The House of Representatives is slated to vote this week on legislation that could ease restrictions on embryonic stem cell research, but the issue may soon be moot. Three papers in this week's issues of Nature and Cell Stem Cell suggest that reprogrammed fibroblasts, or skin cells, could be a viable alternative to embryonic stem cells for use in therapeutic cloning. A fourth paper, also in this week's Nature, used fertilized eggs to generate cloned animals.

Research published by scientists from Kyoto University and the Japan Agency for Science and Technology in the journal Cell last year showed that inducing the expression of four genes in fibroblasts rendered them similar to embryonic stem cells in several respects (see BioWorld Today, Aug. 24, 2006.)

While those fibroblasts, which their discoverers called induced pluripotent or iPS cells, were still different from true embryonic stem cells in terms of both their gene expression and their epigenetic DNA methylation patterns.

Asked at the time to comment on the work, Robert Lanza, CEO of biotech company Advanced Cell Technology, said that while the cells had been modified extensively, "it does suggest that there will be ways one day to create stem cells from scratch."

Now, "one day" appears to have arrived. The Japanese team, as well as two groups of U.S. researchers, have managed to isolate cells that have the epigenetic features of embryonic stem cells as well, by combining the activation of the four previously reported genes with a marker that some of the reprogrammed fibroblasts express.

The new cells showed epigenetic features of embryonic stem cells, and the researchers were able to create embryonic stem cell lines and cloned animals using them for somatic cell nuclear transfer.

One paper concluded that "the biological potency and epigenetic state of in vitro-reprogrammed induced pluripotent stem cells are indistinguishable from those of ES cells." While all three research groups worked with mice, the obvious hope is that the same principle will apply to human fibroblasts.

Many adult stem cells, as well as a number of embryonic stem cell lines approved for federally funded research, show less flexibility than was once hoped for. But the Bush administration continues to show zero flexibility on federal funding for embryonic stem cells. So finding - or making - cells that have the regenerative potential of embryonic stem cells without being the real thing is one goal for those trying to bring the potential of stem cells to the clinic.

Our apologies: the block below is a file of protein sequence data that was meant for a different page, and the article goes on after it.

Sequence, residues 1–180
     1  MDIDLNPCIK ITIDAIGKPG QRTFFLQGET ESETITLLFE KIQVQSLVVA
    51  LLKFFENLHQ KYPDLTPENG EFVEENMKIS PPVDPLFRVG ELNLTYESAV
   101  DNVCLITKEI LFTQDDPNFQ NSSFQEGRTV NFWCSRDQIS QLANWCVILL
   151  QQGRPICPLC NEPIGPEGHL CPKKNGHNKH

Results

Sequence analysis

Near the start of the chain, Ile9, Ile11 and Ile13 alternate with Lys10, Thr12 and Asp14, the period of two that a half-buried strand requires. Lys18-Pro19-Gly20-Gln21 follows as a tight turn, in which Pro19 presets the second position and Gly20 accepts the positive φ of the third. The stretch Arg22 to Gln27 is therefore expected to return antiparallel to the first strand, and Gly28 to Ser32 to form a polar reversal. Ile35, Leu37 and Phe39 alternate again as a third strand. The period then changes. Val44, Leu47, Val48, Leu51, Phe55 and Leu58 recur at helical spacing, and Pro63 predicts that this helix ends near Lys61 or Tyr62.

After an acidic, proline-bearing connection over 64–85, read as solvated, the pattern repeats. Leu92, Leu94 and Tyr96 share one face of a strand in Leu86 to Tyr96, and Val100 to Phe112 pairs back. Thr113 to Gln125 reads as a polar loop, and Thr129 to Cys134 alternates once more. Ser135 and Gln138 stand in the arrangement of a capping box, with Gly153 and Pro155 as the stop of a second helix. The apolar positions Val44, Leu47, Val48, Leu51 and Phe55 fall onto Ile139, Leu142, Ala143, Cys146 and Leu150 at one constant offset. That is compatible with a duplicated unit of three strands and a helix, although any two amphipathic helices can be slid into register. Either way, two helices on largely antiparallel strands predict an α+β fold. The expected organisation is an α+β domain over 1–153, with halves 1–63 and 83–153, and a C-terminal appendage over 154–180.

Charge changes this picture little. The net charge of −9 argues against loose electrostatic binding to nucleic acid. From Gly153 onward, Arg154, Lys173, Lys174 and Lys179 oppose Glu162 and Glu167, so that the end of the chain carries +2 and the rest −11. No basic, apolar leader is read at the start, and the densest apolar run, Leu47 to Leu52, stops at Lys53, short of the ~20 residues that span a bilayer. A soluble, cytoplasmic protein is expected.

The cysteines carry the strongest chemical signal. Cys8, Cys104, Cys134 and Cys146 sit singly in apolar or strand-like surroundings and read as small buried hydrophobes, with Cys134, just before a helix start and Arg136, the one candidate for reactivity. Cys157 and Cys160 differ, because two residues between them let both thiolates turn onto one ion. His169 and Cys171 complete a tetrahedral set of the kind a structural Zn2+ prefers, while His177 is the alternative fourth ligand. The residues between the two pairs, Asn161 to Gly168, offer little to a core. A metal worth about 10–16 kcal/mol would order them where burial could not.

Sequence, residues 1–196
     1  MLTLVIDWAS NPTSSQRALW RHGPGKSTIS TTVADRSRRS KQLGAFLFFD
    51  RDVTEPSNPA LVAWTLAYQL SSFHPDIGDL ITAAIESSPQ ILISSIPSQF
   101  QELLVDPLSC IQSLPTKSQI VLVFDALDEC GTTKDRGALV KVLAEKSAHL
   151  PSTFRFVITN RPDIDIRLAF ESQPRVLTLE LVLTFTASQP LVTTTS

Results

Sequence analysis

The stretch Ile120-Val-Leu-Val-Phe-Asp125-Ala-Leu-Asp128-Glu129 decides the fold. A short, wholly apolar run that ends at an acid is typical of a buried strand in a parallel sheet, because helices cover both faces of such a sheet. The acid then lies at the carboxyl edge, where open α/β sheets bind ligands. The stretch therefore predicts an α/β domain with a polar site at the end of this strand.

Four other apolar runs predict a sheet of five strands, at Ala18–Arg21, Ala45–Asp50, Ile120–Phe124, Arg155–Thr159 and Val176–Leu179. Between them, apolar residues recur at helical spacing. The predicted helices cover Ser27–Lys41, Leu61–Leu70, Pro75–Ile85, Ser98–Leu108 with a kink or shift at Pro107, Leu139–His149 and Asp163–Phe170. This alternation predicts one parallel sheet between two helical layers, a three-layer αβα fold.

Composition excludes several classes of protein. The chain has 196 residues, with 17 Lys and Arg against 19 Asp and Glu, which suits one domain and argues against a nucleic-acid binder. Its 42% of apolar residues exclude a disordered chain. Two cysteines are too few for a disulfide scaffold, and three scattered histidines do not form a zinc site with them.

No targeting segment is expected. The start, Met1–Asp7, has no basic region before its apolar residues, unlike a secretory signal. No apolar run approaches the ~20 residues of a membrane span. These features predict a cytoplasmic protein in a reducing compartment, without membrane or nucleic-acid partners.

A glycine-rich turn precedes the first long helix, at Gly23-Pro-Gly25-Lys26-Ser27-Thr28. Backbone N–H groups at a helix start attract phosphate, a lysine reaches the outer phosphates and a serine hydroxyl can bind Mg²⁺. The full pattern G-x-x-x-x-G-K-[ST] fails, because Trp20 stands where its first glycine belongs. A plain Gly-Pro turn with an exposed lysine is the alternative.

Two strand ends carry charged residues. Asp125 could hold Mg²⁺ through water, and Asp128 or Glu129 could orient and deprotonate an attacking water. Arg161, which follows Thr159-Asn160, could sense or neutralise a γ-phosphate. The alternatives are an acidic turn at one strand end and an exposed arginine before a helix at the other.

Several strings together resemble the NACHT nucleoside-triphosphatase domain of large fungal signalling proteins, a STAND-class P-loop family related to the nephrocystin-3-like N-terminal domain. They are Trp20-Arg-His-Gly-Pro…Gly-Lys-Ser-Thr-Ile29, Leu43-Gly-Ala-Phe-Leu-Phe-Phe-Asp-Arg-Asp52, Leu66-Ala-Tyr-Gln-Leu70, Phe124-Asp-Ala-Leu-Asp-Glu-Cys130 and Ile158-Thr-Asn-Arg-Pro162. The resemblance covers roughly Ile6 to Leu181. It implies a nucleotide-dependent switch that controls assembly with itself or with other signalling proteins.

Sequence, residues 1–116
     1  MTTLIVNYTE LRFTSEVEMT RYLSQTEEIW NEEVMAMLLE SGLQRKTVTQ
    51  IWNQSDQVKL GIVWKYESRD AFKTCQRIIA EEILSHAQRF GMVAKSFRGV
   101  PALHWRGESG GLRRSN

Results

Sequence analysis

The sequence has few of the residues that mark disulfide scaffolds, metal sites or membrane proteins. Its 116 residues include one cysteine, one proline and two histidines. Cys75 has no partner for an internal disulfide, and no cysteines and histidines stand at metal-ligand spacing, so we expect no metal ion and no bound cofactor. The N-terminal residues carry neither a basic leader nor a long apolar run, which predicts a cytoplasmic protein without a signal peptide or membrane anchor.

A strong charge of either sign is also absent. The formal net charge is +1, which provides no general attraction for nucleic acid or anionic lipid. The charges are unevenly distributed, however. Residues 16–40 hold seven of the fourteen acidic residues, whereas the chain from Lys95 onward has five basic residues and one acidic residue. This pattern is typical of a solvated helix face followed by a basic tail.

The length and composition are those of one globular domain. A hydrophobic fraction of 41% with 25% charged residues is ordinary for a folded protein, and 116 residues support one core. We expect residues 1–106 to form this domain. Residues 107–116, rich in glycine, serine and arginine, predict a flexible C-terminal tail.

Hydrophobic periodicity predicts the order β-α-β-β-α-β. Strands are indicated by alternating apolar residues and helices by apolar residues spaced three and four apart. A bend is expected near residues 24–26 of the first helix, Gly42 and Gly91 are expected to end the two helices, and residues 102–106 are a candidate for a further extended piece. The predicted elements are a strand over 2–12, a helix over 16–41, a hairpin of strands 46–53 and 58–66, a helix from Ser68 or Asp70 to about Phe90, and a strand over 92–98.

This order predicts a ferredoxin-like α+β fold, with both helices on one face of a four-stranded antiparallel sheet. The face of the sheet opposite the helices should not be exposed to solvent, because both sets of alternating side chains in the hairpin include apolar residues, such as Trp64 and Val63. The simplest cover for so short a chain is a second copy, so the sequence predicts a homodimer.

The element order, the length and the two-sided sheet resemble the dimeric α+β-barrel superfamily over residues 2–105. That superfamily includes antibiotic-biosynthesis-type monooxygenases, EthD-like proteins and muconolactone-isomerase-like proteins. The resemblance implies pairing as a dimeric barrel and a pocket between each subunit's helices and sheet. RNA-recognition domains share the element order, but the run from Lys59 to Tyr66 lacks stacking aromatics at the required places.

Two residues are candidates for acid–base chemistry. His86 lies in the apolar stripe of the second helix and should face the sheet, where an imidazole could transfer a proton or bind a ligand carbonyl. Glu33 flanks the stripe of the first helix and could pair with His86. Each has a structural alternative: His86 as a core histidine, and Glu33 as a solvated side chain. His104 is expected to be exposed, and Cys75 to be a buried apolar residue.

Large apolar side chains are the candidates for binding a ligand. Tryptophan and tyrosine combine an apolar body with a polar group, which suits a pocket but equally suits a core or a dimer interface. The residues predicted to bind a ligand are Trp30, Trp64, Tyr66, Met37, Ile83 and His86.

One of the most promising uses of stem cells would be for therapeutic cloning, that is, the creation of patient-specific stem cells, which would obviate the immunological problems of such transplants. In therapeutic cloning, or somatic nuclear cell transfer, researchers insert a patient's DNA into an unfertilized egg, and allow the egg to develop into a blastocyst, a very early stage embryo. Stem cells that match the patient genetically then could be used to treat a number of disorders.

The last claim of the creation of patient-specific stem cell lines, by a group of researchers from South Korea and the University of Pittsburgh, turned out to be a scientific fraud. (See BioWorld Today, May 20, 2005, and Dec. 19, 2005.)

But the method clearly is workable in principle, though not anywhere near ready for the clinic, making a source of noncontroversial cells that have the properties of embryonic stem cells a major breakthrough - though the Japanese authors of one of the Nature papers do note that oncogene activation, which was seen in last fall's initial report in Cell, was still a problem in their experiments.

A fourth paper, also published in this week's Nature, showed that fertilized eggs also could be used, in principle, for cloning. The researchers used fertilized eggs for somatic cell nuclear transfer, and were able to create embryonic stem cell lines from which they derived full-term cloned mice.

But the cloned offspring in that study showed serious health problems, with most of them not surviving, and in a sense, the fibroblast studies have leapfrogged that research.

While the use of fertilized eggs gets around the ethical concerns specific to egg donation, it's likely that those with ethical concerns about the status of blastocysts will find the use of fertilized eggs for therapeutic cloning even less palatable than the use of unfertilized ones. And reprogrammed skin cells, of course, come with no ethical baggage at all.

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